Over a dozen senior video game directors, designers and programmers pack the theatre space inside BioWare’s unassuming Edmonton studio to watch, and re-watch, footage of their next game, Dragon Age: Inquisition.
With only a few precious weeks left until the E3: Electronic Entertainment Expo in Los Angeles — the world’s largest video game trade show — the team is busy perfecting a slice of its highly-anticipated fantasy role-playing sequel for all to see.
It’s a highly collaborative atmosphere in the room, says Dragon Age Executive Producer Mark Darrah, as designers call out issues which are then assigned to project leads who work to make sure the demonstration is close to flawless by the time it’s shown live on stage to the hundreds of video game journalists in Los Angeles, and thousands more fans watching online.
“You’re trying to get everything perfect so it shows as well as it can. One of the things that we found is it’s actually quite difficult to show a role-playing game in that kind of setting,” says Darrah. “You kind of really want some time with it to let the story pull you in and sort of ‘live’ with it.”
BioWare’s presentation during publisher Electronic Arts’ press conference on June 9 will be crucial for the team as they showcase Inquisition’s still under wraps narrative, a strong hallmark of the best-selling franchise.
“This is the first time we’re really going to deeply show one of the critical paths in the story, showing you the consequences of what’s going on in the world,” Darrah says, adding “it’s time for dragons to come out in all their glory at E3.”
Scheduled to hit shelves on October 7, Dragon Age: Inquisition returns players to the fantasy realm of Thedas just as peace talks between the warring mages and templars are rocked by a cataclysmic event. The player is cast as the leader of the Inquisition, a team of fierce warriors that seeks to restore order to the land.
Creative Director Mike Laidlaw says the E3 showing will allow BioWare to hone in on relationships in the game as “there’s a real appeal to feeling like there’s this team that kind of has your back but often doesn’t have your back very well…”
“That’s one of the core things we’re exploring in Inquisition. What’s it like to be the leader? There’s a lot of emphasis on you deploying troops and giving orders and listening to advisers, so feeling more like a commander who’s making a call.”
Inquisition is the biggest entry in the series, as any one of Inquisition’s many open-world regions could house all the areas found in 2009’s Dragon Age: Origins and 2011’s Dragon Age II. The regions provide variety in both experience and feeling, says Laidlaw, as players will travel from snap-frozen valleys to a perpetually-dark bog with sunken castles and ancient ruins.
“Each of those have their own distinct mood and feel and as a player, what I think it does is provide spaces that are really big and allow you to find ‘little stories’,” he explained. “If you get fatigued in a forest, you can travel to a blistering desert in another region.”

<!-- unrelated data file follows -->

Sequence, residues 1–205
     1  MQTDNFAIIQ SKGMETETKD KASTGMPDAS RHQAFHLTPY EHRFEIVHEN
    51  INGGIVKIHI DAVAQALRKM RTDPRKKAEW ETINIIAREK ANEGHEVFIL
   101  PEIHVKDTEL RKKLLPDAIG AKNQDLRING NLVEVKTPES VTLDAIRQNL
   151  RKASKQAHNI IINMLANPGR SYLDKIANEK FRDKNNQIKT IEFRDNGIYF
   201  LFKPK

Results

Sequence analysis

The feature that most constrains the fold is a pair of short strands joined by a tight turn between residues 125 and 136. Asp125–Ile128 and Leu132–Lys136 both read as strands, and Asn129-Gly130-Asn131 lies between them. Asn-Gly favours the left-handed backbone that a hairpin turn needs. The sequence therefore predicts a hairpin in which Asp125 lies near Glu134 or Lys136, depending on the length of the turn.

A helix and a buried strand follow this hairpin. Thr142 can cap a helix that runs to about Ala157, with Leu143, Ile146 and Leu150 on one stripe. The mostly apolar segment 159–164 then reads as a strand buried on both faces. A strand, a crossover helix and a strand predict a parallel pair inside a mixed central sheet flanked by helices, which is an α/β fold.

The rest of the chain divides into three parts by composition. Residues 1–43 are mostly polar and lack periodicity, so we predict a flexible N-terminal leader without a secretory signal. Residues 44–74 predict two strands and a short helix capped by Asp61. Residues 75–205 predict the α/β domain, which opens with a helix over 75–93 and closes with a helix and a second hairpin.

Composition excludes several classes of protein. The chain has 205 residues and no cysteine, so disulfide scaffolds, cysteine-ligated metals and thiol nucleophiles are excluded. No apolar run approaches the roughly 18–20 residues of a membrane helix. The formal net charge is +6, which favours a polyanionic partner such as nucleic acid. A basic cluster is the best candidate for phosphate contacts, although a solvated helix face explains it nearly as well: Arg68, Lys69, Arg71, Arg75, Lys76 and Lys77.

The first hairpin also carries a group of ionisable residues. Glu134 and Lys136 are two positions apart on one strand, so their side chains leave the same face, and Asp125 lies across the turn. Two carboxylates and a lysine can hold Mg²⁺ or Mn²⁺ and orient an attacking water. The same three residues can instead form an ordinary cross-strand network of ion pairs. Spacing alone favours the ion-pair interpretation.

The Frostbite 3 engine gives the game a hefty graphical boost. Technological advances allowed BioWare to design several new systems to spawn everything from creatures to campsites, said Laidlaw. Spaces will also “evolve and react to your presence,” added Darrah, as players defeat enemy troops, rebuild bridges and seize areas for the Inquisition.
“This is kind of the game we’ve wanted to make all along,” said Darrah. “We’ve wanted to have big spaces for players to explore but we just haven’t had the technology, both from a hardware perspective but also a software perspective.”
In development for the better part of the last three and a half years, Inquisition is the “next generation of BioWare games,” said Laidlaw, bringing together new ideas with the studio’s strong experience in developing beloved role-playing games.
Close ties to the University of Alberta allow BioWare the “pick of the litter” when it comes to hiring talented video game designers who are willing to work in Edmonton’s cold weather.
Mike Laidlaw, Creative Director on Dragon Age: Inquisition, says roughly a third of the technical designers on his team are University of Alberta graduates who were hired after submitting a portfolio and completing an internship.
“They’re incredibly valuable, well-skilled additions to the team,” said Laidlaw. “The city has been hugely accommodating. I think it’s really quite pleasant to have the studio here.”
Edmonton’s summer festival season and “amazing river valley” are big attractions for staff but more “weather sensitive” developers from video game hub cities like San Francisco, CA; or Austin, TX, who arrive for a job interview in the dead of winter “tend to wonder what hell-gate they’ve arrived at,” joked Laidlaw.
For other developers, the bad weather can be focusing, he said.
“To some degree, having cold weather and long evenings kind of makes you say, ‘Well, I’m working on a videogame, I’m pretty passionate about what I’m working on and it looks kind of terrible outside so I think I’m going to stay and get this thing done’.”
Dragon Age Executive Producer Mark Darrah said he’s from Edmonton and knows the city’s strong technical background has allowed them “the pick of the litter” when it comes to local talent.
BioWare staff often lecture students taking computer science courses at the U of A. Computers and Games 250 challenges teams of students from different disciplines — usually two from computing science, a creative writer, an artist and a musician — to build a game using BioWare’s old Neverwinter Nights engine.
BioWare was founded in 1995 by doctors Ray Muzyka, Greg Zeschuk and Augustine Yip, who graduated with medical degrees from the University of Alberta and promptly began to develop video games rather than pursue medicine full-time.